The effects of the global financial crisis are still playing havoc with financial markets, according to analysts. Morningstar’s Andrew Doherty says a weaker Australian equities market is a response to investor concerns over high US and European government debt and budget deficits.
In the US, stubbornly high unemployment and weak housing is crimping consumer spending. Slowing emerging markets add to concerns, as these have been the key source of world growth.
“Sharemarket volatility goes hand-in-hand with investing,” Doherty says. “Current global concerns will pass, but others will follow. And a return to bull market conditions will occur. Portfolios with a focus on quality companies with robust earnings streams and balance sheets are better placed to withstand the market downturns and support returns over the long term.”
Doherty and State One Stockbroking’s John Rawicki have put together a list of companies offering strong market positions and are less likely to be buffeted by short-term market movements.
Doherty says the success of industrial conglomerate Wesfarmers can be attributed to a diverse range of businesses with strong positions in their markets. The largest contributors are supermarket retailing, hardware and coal, he says. Diverse revenue sources smooth the earnings stream. “The greatly challenging turnaround of Coles supermarkets is well underway with margins improving substantially in recent periods,” he says. “Management is highly regarded with a keen focus on driving cash flow from each business.” The company’s eight divisions generate combined revenue of more than $50 billion a year.
Hearing implants maker Cochlear is a “true Australian success story”, according to Doherty. “It’s always had a focus on innovation, which sees between 15 and 20 per cent of revenue ploughed into research and stgelopment each year,” he says. “This has led to stgeloping products that are considered the most reliable and functional in the market.” Doherty says Cochlear has benefited from first mover advantage and competitors haven’t come close to catching it. The high degree of earnings outside Australia means currency fluctuations can negatively impact the bottom line. “Still, on-going earnings growth is supported by expanding in Asia, the US and Europe, the roll out of new products and minimal impact from current economic conditions,” he says. Cochlear generated total revenue of $734.8 million in 2010.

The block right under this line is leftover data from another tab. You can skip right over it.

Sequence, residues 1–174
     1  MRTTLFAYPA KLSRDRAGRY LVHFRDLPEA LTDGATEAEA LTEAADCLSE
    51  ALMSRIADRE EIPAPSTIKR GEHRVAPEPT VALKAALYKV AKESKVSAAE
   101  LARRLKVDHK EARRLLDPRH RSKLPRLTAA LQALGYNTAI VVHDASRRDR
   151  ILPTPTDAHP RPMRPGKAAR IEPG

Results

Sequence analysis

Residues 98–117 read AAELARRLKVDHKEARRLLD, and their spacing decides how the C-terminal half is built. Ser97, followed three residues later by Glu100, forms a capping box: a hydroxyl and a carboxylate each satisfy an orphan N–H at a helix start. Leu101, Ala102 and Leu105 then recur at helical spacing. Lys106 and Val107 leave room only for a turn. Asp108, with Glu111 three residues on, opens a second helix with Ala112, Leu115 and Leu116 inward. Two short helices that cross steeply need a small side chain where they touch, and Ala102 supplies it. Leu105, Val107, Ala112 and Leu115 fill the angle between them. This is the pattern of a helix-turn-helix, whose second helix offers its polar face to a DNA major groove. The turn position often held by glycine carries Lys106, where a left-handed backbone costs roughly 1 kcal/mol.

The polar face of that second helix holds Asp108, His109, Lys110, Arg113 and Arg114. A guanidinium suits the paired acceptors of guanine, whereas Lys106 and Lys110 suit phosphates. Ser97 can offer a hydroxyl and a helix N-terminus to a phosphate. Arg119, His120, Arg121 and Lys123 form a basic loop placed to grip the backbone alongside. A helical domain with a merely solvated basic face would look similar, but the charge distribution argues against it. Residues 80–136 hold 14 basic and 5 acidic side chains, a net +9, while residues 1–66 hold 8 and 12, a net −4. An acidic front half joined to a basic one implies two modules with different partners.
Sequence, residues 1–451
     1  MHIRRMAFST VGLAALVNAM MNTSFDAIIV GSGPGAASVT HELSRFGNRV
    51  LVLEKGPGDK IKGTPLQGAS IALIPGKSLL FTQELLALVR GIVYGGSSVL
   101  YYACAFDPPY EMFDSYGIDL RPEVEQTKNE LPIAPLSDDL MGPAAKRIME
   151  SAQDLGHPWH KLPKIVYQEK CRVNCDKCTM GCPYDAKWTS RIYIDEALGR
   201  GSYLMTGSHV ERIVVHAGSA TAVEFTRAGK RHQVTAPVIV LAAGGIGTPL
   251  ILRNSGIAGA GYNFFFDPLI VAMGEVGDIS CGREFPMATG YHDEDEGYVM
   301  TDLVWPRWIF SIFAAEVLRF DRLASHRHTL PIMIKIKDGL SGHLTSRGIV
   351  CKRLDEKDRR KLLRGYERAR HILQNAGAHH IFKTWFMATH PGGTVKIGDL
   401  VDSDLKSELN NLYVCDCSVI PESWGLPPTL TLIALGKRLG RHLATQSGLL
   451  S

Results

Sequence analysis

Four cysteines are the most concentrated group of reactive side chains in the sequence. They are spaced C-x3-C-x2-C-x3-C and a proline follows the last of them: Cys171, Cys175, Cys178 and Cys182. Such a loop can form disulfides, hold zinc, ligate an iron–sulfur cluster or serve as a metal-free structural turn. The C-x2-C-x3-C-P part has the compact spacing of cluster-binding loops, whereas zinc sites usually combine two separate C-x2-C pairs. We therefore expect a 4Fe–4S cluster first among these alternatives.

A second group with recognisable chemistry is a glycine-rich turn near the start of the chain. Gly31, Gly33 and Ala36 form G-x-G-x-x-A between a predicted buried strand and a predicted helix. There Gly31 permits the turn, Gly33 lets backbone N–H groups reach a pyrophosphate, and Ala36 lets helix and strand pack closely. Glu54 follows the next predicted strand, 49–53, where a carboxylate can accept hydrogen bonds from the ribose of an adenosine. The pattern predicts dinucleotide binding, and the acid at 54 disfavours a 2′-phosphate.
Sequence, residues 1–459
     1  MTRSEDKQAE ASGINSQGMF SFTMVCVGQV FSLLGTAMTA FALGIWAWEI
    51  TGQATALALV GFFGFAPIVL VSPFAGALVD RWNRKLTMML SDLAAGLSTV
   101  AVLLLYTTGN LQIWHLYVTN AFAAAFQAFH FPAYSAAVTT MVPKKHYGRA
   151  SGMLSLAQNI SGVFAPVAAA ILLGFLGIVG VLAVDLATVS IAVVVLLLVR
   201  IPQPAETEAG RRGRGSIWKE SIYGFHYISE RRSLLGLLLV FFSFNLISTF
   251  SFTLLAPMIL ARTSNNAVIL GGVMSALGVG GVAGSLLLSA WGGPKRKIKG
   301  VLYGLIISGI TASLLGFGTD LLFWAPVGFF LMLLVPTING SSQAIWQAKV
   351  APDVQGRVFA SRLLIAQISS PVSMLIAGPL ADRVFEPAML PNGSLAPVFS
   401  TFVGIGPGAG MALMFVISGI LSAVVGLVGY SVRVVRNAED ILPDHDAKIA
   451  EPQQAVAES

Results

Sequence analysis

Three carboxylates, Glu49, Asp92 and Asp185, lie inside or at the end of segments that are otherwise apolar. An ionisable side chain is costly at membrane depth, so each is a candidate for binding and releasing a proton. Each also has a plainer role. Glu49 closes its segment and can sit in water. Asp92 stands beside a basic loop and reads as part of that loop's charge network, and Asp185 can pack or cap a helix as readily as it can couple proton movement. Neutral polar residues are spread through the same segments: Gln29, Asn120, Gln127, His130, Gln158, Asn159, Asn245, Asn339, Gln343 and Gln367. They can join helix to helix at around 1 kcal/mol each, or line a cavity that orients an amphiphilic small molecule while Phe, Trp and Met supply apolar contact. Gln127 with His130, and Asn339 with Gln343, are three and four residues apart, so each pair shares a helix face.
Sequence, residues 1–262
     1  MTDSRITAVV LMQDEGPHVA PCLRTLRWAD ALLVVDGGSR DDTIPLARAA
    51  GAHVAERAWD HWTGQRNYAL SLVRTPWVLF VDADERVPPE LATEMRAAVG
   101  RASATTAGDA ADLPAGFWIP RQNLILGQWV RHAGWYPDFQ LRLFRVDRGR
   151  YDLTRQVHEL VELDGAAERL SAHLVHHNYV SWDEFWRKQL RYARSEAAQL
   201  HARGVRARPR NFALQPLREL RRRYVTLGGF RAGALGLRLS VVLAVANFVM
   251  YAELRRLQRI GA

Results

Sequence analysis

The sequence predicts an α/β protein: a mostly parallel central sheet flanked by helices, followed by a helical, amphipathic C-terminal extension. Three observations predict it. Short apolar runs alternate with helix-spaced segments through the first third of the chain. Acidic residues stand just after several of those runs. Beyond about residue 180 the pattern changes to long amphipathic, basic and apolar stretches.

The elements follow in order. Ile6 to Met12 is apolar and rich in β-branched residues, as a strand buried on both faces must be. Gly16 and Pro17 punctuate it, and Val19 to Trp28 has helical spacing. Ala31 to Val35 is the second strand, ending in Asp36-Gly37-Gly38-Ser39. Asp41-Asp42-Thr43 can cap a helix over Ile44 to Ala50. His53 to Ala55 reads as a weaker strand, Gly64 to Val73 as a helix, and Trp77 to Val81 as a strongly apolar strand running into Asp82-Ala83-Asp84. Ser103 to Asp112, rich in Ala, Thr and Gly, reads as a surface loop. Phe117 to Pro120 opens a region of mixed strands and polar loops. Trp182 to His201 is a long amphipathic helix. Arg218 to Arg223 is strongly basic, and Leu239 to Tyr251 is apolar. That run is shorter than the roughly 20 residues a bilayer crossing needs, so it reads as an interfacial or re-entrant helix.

Coca-Cola Amatil (CCL)
Defensive company and soft drink bottler Coca-Cola Amatil is largely cushioned from challenging economic conditions. But Doherty says revenues also grow as new products, including ready to drinks (RTDs) and premium beer, are added to the chain relatively cheaply. He says healthy margins enable cash flows to comfortably exceed substantial capital requirements, and brand power supports price increases over time. He says Indonesia adds an additional growth stream. “Solid and growing fully franked dividends are set to continue,” he says. Doherty says Coca-Cola Amatil offers scale advantages flowing from its extensive distribution network. In 2010, Coca-Cola Amatil posted a record NPAT (net profit after tax) of $506.6 million.